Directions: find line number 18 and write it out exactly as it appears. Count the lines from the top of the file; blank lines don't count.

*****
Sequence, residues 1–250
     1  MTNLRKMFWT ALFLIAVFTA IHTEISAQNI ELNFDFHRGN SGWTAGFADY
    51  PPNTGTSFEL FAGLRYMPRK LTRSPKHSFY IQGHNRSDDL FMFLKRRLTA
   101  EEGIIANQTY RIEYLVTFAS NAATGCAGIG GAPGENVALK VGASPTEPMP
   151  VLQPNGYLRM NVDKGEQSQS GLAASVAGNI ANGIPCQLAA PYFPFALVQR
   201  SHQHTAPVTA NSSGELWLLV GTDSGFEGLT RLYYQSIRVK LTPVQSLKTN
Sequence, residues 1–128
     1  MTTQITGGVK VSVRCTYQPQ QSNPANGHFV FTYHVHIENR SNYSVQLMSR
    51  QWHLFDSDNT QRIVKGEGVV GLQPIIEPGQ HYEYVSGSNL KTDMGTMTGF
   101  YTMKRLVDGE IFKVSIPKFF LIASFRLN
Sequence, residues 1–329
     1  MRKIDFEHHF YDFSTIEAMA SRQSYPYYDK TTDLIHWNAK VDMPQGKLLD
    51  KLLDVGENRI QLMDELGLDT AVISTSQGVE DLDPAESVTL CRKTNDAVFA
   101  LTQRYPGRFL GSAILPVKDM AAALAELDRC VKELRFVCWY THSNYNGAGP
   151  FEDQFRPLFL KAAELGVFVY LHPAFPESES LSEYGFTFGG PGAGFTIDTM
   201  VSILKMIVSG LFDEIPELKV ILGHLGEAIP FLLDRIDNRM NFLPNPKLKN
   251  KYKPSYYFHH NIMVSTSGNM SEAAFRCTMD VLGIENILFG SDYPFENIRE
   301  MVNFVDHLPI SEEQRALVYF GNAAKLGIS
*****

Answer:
   301  MVNFVDHLPI SEEQRALVYF GNAAKLGIS